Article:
In their native habitats, there is an abundance of vegetation that provides these fish with plenty of places to hide from predators. The same goes for your tank!
Plants like Java moss or Amazon swords will do well in your aquarium (as long as they don’t get uprooted by the current). Provide some sheltering options so that the fish have different areas to roam.
Behavior and Compatibility
Black ghost knifefish are nocturnal and will spend most of the day hiding out in a quiet area. They’re shy fish that can easily become stressed if there’s too much activity or light around them, so it’s important to make sure they have enough space to feel comfortable during the day.
During the night, they become more active as they hunt through plants and sand looking for food (they love meaty snacks). This is when you might see your black ghost knifefish swimming around your tank!
These fish like to be left alone, so they are best suited in a tank with easy-going peaceful fish.
How Many to Keep Together
As mentioned earlier, these fish are not shoaling. They do well when kept in groups of one or just a few.
When you have multiple black ghost knifefish in the same tank, they will tend to keep out of each other’s way and occupy different areas of the aquarium. This should not be an issue as long as there is ample space for everyone.
If you’re concerned about aggression, it’s best to keep them with non-aggressive species. They do well with other shy fish that want their own space.
The black ghost knifefish is a shy and reclusive fish. They prefer to be alone most of the time and will only show signs of aggression when they feel like their territory is being invaded.
This species can also get frightened very easily, so it’s important for you to make sure that there aren’t any other aggressive or overly active tank mates in the same space as them. This might cause your black ghost knifefish some stress, which could lead to health problems.
The size of a black ghost knifefish can be a problem if you’re pairing them up with smaller or more active tank mates.
This means that anything small and fast might not work out for you (like neon tetras). However, there are plenty of large peaceful fish that will get along fine with it!
Some good ideas include:
Breeding black ghost knifefish is not an easy process. It’s so difficult that most aquarists don’t attempt to breed these fish at all.
The breeding process involves a tank at least 200 gallons, and essentially replicating the conditions of the Amazon rainforest.
We suggest only attempting to breed black ghost knifefish if you are an experienced aquarist.
Are Black Ghost Knifefish Fish a Good Choice For Your Tank?
Black ghost knifefish are a beautiful freshwater fish that can add some unique color to your tank. With that said, there are several things you need to consider before getting one for yourself.
First and foremost is their sensitivity to water conditions (this includes pH levels). Due to the nature of their bodies, they do not tolerate even minor changes in hardness or acidity very well. This means you’ll need to be vigilant about changing the water regularly and ensuring that everything is kept at optimal levels (which isn’t so bad once you get used to it).
Another factor you should take into account is their potential size when fully grown. These fish reach quite a large size, so if you don’t have enough room in your aquarium for them, this probably isn’t the right species for you.
Black ghost knifefish are beautiful and unique-looking fish that will add a lot of character to your tank. There’s something about their slender bodies that is very cool!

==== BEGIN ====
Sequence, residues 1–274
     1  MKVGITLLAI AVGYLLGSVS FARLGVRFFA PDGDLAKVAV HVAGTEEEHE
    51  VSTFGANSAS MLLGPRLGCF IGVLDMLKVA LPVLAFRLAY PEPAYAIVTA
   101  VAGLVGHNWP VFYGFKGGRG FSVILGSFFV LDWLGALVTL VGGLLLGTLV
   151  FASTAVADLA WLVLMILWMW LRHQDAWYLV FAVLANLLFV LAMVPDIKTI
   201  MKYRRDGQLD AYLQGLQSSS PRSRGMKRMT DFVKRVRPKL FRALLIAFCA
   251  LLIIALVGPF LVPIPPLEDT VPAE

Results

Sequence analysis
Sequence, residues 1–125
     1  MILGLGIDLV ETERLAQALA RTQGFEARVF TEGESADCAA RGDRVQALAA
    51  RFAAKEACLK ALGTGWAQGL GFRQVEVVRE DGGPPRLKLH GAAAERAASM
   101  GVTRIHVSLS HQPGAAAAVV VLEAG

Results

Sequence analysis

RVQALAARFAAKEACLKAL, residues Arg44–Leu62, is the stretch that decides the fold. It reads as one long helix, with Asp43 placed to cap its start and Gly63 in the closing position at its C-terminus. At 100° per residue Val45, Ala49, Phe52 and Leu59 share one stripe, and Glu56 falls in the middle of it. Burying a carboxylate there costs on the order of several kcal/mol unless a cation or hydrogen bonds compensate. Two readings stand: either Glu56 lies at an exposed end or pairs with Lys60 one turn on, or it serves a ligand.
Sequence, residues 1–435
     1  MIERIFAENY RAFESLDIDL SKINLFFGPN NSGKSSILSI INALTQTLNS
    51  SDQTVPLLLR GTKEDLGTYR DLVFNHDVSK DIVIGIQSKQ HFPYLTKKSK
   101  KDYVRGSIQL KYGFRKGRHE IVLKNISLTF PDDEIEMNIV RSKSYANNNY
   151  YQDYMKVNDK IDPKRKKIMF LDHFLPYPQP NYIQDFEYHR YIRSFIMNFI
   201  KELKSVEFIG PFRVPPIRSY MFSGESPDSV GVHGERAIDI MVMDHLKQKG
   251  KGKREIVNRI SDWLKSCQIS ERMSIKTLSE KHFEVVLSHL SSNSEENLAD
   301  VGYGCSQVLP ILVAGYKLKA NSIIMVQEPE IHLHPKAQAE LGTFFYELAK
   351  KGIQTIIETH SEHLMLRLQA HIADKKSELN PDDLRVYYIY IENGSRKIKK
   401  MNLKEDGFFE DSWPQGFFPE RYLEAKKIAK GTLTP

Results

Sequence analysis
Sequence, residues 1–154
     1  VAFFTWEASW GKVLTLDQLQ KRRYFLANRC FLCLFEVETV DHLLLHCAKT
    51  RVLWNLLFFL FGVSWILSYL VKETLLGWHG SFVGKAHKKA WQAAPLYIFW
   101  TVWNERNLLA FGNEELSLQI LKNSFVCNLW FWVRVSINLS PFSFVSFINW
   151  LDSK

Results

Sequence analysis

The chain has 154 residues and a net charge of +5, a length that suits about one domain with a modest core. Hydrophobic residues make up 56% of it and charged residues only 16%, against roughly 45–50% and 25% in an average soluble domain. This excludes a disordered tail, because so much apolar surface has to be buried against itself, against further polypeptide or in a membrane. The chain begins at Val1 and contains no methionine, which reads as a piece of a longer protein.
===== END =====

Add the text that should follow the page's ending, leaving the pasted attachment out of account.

Because they need such large tanks and are not shoaling fish, you can get away with keeping fewer of them than other species.
These fish require little maintenance as well. As long as you meet their water conditions, habitat requirements, and diet needs, there won’t be much additional work on your part.
Black ghost knifefish are a stunning fish to look at. However, they have some drawbacks that you should be aware of before getting one for your tank.
The biggest issue with black ghost knife fish is their sensitivity to water conditions and diseases. These fish can be very difficult to treat when they get sick and often die within days if not treated properly (which is why it’s so important that you do everything possible to prevent illness in the first place).
Black ghost knifefish also require a lot of attention when it comes to water parameters. The pH level and hardness must stay consistent, or these freshwater fish will suffer from stress-related illnesses.
Black ghost knifefish are a fantastic freshwater species that have been getting more attention in the aquarium community. We highly recommend giving them a shot if you’re looking for something different to add to your tank!
If you have any questions about black ghost knifefish or suggestions on ways we can improve this guide, let us know. We want to provide our readers with the most helpful and accurate information possible.
Nina has been interested in fish and aquariums for over seven years. She started out as a keen amateur, keeping a few fish in her home aquarium. However, she quickly developed a passion for the hobby and began to learn more about different species of fish and how to care for them properly.
Over time, Nina’s interest turned into expertise, and she became known among her friends and family as the go-to person for all things related to fishkeeping. Her advice is sought after by both novice aquarists looking to get started with their first tank, as well as experienced hobbyists who want tips on improving their setups.
In addition to being an expert on all things aquatic, Nina also enjoys gardening and baking (especially making cakes!). She grows many different types of plants in her garden – both for aesthetics and function – including flowers, vegetables, herbs and shrubs.